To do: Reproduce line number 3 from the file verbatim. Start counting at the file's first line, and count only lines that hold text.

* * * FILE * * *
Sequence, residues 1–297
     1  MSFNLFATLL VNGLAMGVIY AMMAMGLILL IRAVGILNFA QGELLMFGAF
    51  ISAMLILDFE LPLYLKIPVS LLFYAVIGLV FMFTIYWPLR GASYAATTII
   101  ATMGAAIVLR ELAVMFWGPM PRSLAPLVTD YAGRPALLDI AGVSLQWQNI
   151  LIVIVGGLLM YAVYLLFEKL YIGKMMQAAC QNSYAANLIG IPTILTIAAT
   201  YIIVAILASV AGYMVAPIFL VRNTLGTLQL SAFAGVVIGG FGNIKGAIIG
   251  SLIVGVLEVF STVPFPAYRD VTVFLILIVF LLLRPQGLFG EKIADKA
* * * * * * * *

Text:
    51  ISAMLILDFE LPLYLKIPVS LLFYAVIGLV FMFTIYWPLR GASYAATTII